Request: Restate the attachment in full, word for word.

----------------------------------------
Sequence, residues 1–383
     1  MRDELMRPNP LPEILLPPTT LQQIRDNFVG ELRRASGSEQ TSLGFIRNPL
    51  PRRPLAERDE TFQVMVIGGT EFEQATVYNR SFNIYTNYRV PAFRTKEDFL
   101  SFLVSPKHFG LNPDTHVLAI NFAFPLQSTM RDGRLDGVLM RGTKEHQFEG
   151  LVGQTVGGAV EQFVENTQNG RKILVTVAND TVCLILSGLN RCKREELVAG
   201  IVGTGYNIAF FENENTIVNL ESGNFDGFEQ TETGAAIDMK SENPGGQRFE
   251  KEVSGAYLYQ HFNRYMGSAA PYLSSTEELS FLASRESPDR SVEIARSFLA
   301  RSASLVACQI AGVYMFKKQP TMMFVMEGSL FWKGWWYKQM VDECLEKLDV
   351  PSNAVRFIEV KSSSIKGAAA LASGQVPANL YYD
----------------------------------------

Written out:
Sequence, residues 1–383
     1  MRDELMRPNP LPEILLPPTT LQQIRDNFVG ELRRASGSEQ TSLGFIRNPL
    51  PRRPLAERDE TFQVMVIGGT EFEQATVYNR SFNIYTNYRV PAFRTKEDFL
   101  SFLVSPKHFG LNPDTHVLAI NFAFPLQSTM RDGRLDGVLM RGTKEHQFEG
   151  LVGQTVGGAV EQFVENTQNG RKILVTVAND TVCLILSGLN RCKREELVAG
   201  IVGTGYNIAF FENENTIVNL ESGNFDGFEQ TETGAAIDMK SENPGGQRFE
   251  KEVSGAYLYQ HFNRYMGSAA PYLSSTEELS FLASRESPDR SVEIARSFLA
   301  RSASLVACQI AGVYMFKKQP TMMFVMEGSL FWKGWWYKQM VDECLEKLDV
   351  PSNAVRFIEV KSSSIKGAAA LASGQVPANL YYD